Original release: August, 1979
Running time: 160 minutes
Country of origin: Soviet Union
Original language: Russian
Director: Andrei Tarkovsky
Writers: Arkadiy Strugatskiy, Boris Strugatskiy, Andrei Tarkovsky
Cast: Aleksandr Kaydanovskiy
To say that Andrei Tarkovsky’s Stalker attains the heights of cinematic art is to put it mildly. The film is a masterpiece and a must see for anybody seriously interested in the possibilities of film.
A meteor has fallen, creating a place called the Zone in which the usual laws of physics do not apply. Fenced in and jealously guarded by the military, the Zone contains the Room, a place within which it is said your deepest and most secret wishes are granted.
A Stalker (Aleksandr Kaydanovskiy) guides two men towards the Room, one a famous writer, burnt out by cynicism and self-doubt, the other a pedantic professor (Nikolay Grinko) who seems to be out for a stroll, complete with knapsack, flask and sandwiches, but who in fact has ulterior motives for embarking on the journey. Their actions are dangerous and illegal: the Stalker’s wife tries to persuade him not to go, warning him that he will be sent back to jail. However, the men are driven by different motives and even the Stalker seems on the verge of a crisis as he recounts the history of a former Stalker—called Porcupine—who taught him everything he knows and came to a disastrous end.
Everything is set up as if it is an allegory — everyone is called by their occupation rather than their name (Professor, Writer etc.) — but the allegory which at first seems like simplicity itself, becomes increasingly opaque as the film and the characters circle the Room, carrying out rituals as if taking part in some elaborate but deadly game. The initial breaking into the Zone is reminiscent of a war film — Tarkovsky’s brilliant debut Ivan’s Childhood (1962) features a similarly tense sortie behind enemy lines — and, at the time, must have had dangerous parallels to people attempting to break out of the Soviet Union.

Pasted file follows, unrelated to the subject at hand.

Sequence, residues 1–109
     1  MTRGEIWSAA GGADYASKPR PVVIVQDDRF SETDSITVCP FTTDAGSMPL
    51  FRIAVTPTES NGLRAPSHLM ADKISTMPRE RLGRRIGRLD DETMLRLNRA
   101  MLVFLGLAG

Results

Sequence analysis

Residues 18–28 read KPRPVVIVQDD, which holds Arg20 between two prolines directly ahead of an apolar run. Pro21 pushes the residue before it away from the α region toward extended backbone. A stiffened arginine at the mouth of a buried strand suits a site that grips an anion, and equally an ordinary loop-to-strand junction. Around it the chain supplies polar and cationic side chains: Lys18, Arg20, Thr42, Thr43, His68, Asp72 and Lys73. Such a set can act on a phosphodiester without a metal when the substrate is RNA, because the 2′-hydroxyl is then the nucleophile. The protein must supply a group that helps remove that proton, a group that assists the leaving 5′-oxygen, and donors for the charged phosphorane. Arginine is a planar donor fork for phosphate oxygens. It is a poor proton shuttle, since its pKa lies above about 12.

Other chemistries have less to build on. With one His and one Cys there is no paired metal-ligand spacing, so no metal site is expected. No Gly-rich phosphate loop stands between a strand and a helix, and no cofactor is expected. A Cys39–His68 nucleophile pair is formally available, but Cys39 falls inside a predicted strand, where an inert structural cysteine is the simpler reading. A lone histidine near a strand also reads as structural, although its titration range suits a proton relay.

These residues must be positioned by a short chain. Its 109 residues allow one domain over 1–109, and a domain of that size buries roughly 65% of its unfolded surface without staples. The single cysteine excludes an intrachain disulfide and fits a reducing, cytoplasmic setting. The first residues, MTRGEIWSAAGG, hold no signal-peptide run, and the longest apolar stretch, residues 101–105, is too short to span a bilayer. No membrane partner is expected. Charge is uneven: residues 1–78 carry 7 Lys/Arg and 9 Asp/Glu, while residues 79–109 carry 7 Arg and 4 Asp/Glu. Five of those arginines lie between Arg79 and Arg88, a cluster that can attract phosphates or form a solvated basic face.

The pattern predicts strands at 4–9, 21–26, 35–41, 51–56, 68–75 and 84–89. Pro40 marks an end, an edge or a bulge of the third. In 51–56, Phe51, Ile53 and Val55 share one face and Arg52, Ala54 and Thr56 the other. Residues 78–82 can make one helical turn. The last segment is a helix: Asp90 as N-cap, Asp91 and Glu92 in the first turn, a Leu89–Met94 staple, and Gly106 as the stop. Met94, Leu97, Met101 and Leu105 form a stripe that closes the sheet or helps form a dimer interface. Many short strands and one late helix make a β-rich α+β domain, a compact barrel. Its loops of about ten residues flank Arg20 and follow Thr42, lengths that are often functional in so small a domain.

The monochrome sepia of reality is then replaced with a lush colour of verdant greens. It is as if the first half hour of the film, which lingers on dripping industrial wasteland and dank draughty rooms, is a preparation for seeing nature, as if for the first time. Weirdly, it is normality that looks magical whereas the everyday urban reality the travellers leave that is tinted with nightmarish strangeness.
Although worthy of many monographs — most recently Geoff Dyer has produced a book about his experiences of watching the film repeatedly — I can only briefly point out what I find so enthralling about this film.
First, Tarkovsky is a director who puts the physical into metaphysical. Although Stalker explores themes of belief and faith and the meaning of life, this film is gritty. Not in the usual sense of Ken Loach-like social realism, but actually gritty, as in the men tramp through grit, shale, pebbles and broken glass, and sand. Tarkovsky’s camera and his immersive and occasionally disjointed sound design surrounds the viewer with a physical world which is there in all its thereness.
Rain, dampness, dripping, ponds, wells, stones, filthy sewers: there’s all this stuff the travellers need to get through. Perhaps the best symbol of this linking of the ineffable mystery with the rudimentary is the Stalker’s own technique of navigating via throwing a strip of cloth which he has knotted around a rusty bolt ahead of them to check their safety. There is something subtly terrifying, fed by the Stalker’s own obvious fear of the Zone’s invisible forces, and yet at the same time, something childlike and silly about the process. The Writer soon tires of it, but before long ,they all fall into step with the Stalker’s instructions, even as they facetiously mock him with names taken from James Fennimore Cooper novels.